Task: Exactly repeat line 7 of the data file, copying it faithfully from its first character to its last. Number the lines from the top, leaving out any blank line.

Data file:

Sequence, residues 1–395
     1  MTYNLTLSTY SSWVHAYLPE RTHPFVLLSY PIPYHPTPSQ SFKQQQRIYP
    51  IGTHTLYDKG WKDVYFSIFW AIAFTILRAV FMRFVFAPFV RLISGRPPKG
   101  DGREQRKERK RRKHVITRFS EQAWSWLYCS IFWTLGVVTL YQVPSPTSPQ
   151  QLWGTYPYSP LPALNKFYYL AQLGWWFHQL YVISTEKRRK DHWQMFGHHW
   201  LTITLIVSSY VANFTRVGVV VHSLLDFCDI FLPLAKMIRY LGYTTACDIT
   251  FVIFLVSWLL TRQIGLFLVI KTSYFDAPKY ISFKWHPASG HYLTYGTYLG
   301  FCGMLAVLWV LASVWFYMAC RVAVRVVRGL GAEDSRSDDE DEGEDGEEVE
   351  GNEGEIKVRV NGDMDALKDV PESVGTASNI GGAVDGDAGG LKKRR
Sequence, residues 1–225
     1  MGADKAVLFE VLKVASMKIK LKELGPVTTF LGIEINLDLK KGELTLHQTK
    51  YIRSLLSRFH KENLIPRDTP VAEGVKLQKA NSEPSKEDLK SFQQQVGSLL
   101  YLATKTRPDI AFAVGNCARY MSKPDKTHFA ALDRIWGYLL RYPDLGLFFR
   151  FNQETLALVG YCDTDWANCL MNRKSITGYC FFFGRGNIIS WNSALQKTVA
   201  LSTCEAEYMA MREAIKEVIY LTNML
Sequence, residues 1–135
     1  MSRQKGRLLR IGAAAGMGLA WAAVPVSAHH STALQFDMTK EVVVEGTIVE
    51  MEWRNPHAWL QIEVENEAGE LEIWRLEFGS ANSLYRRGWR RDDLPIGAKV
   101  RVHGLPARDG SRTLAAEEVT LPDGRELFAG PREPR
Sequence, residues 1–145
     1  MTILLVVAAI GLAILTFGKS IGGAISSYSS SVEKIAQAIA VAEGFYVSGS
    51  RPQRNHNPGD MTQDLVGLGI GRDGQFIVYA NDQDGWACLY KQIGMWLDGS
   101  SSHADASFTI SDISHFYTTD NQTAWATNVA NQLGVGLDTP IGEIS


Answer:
   251  FVIFLVSWLL TRQIGLFLVI KTSYFDAPKY ISFKWHPASG HYLTYGTYLG